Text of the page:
Above the center section on the bridge, there is a pedestrian walkway but you have to pay to go up (there is also a walkway on the main bridge allowing pedestrians to cross).  The following photo shows the walkway.  In the center of the walkway, there is a dark rectangle…this is actually a portion of the walkway floor that is glass so walkers can look down…nope…


Walking the Tower Bridge gave us some great views of the surrounding area.  On the South Bank, the super tall building is known as The Shard (a 95 story building with a hotel, offices, residencies, and an observation area) and the small, bulbous shaped building is City Hall.


Brittany’s panoramic picture gets the South Bank and the North Bank.  We actually did some exploring on the North Bank, so I’ll leave that for now, but I’d like to point out one building.  The first tall building to the right of the Thames is called the “Walkie-Talkie” because of its unusual shape, but that’s not why I point it out.  If you look closely, you can see that the portion of the building facing the Thames is slightly darker than the rest of the building as a solution to the building reflecting the sun’s glare.  Our tour guide told us that was not originally the case.  He said that in the summer of 2013, the sun’s reflection off of the building was melting cars.  Wikipedia confirms…”Spot temperature readings at street-level including up to 196 °F and 243 °F were observed during summer 2013, when the reflection of a beam of light up to six times brighter than direct sunlight shining onto the streets beneath damaged parked vehicles.”


And finally Tower Bridge from the North Bank…


Tower of London (officially Her Majesty’s Royal Palace and Fortress of the Tower of London)

The Tower Bridge’s northern portion ends very near the entrance to the Tower of London.  “It was founded towards the end of 1066 as part of the Norman Conquest of England. The White Tower (seen directly over Brittany’s head in the photo), which gives the entire castle its name, was built by William the Conqueror in 1078, and was a resented symbol of oppression, inflicted upon London by the new ruling elite. The castle was used as a prison from 1100 until 1952, although that was not its primary purpose. A grand palace early in its history, it served as a royal residence. As a whole, the Tower is a complex of several buildings set within two concentric rings of defensive walls and a moat. There were several phases of expansion, mainly under Kings Richard the Lionheart, Henry III, and Edward I in the 12th and 13th centuries. The general layout established by the late 13th century remains despite later activity on the site.” (Wikipedia)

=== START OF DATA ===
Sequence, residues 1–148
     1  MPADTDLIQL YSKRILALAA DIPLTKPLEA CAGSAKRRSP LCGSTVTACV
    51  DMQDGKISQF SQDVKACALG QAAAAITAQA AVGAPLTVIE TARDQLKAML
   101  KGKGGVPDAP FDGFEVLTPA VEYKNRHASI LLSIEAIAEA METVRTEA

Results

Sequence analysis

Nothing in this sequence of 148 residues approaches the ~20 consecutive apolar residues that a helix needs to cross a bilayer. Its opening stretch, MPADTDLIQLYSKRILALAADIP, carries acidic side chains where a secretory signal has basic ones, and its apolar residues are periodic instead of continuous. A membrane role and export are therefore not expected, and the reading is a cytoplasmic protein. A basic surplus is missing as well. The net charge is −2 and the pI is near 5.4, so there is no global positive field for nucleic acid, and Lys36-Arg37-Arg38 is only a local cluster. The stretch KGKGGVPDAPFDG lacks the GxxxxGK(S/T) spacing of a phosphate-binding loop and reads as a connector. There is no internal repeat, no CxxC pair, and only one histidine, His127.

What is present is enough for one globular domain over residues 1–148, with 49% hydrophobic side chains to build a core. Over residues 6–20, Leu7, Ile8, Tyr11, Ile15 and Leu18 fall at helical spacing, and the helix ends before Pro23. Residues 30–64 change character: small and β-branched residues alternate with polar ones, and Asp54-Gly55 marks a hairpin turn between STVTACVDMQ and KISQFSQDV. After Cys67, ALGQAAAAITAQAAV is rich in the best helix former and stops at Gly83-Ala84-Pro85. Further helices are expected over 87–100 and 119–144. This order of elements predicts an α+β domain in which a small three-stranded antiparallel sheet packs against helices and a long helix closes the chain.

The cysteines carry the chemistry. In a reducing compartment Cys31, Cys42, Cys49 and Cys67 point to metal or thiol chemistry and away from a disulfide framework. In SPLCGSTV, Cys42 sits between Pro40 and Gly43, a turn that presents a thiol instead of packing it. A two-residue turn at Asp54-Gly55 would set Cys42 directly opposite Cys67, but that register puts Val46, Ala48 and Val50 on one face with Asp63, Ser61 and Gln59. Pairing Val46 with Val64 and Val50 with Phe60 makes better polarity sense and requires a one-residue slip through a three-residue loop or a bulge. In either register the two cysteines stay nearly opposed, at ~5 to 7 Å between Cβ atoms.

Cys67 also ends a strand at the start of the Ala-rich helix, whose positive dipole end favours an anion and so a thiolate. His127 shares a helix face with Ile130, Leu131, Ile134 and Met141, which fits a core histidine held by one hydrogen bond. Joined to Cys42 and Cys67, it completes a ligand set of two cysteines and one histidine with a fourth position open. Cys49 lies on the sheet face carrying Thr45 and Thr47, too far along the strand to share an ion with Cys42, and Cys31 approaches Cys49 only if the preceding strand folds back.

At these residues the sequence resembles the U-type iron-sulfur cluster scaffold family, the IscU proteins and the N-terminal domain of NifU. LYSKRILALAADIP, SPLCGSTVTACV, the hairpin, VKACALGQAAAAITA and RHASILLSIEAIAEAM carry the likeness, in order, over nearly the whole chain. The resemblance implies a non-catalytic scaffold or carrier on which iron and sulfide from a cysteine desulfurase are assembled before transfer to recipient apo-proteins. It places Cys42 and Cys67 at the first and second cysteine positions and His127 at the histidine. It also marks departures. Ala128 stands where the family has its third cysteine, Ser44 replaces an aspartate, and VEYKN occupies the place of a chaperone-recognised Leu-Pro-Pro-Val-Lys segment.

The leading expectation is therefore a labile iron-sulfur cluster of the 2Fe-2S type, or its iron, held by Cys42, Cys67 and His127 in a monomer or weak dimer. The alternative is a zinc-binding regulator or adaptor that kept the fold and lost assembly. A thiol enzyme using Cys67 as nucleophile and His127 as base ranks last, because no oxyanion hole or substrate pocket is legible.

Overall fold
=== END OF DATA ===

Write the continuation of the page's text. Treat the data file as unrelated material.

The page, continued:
We didn’t actually go in the Tower of London, again because of the expense, but we got some nice exterior shots.  Like the Traitor’s Gate…

Traitor’s Gate provided a water gate entrance to the Tower.  Prisoners were brought by barge along the Thames, passing under London Bridge, where the heads of recently executed prisoners were displayed on pikes.


Yum…nothing like a story about piked heads to make us think of lunch, but how could we resist Fish & Chips.  (These were actually delicious, and I spent the rest of our time in London trying to find Fish & Chips that would match these.)


Another view of the Tower of London from its north-western side…


We left the Tower of London in search of some movie/TV locations we both wanted to see…meaning we set off in search of the Gherkin building, featured in Thor: The Dark World, Harry Potter and the Half-Blood Prince, and a couple of Doctor Who episodes.

30 St Mary Axe (aka The Gherkin)


But we found some other interesting skyscrapers along the way…

Lloyd’s Building (aka the Inside-Out Building)


And the Leadenhall Building (known as The Cheesegrater because of its shape) which opened in July of 2014…


The Gherkin “stands on the former sites of the Baltic Exchange and Chamber of Shipping, which were extensively damaged in 1992 by the explosion of a bomb placed by the Provisional IRA in St Mary Axe, the street from which the tower takes its name.  The building has become an iconic symbol of London and is one of the city’s most widely recognised examples of contemporary architecture.” (Wikipedia)


In the plaza of the Gherkin is a piece of art by Ai Weiwei titled Forever.


It was apparently made using 700 bicycles…


Another view of the Gherkin…


At this point, I have to admit, we got a bit distracted.  Brittany’s feet were killing her and there just happened to be a TK Maxx across the street (yes, in London it’s TK not TJ), so we headed in and got her a more comfortable pair of shoes.

But then, after walking just a few blocks, we found a game changer…


Yes, we found Krispy Kreme doughnuts for sale.  I literally saw the logo out of the corner of my eye as we passed by the grocery story.  Glazed Krispy Kreme doughnuts are heavenly, but we only got one of those.  The other two in the box are filled with Reese’s Peanut Butter.  Now you have to remember Brittany has been in Italy for the better part of 7 months at this point, and peanut butter is really difficult to find in Italy.  And peanut butter is one of my all time favorite foods…especially Reece’s.  So to find a Reese’s filled doughnut…magical.  And it wasn’t just like a little peanut butter inside either, it was totally full.  We went and got more on another day…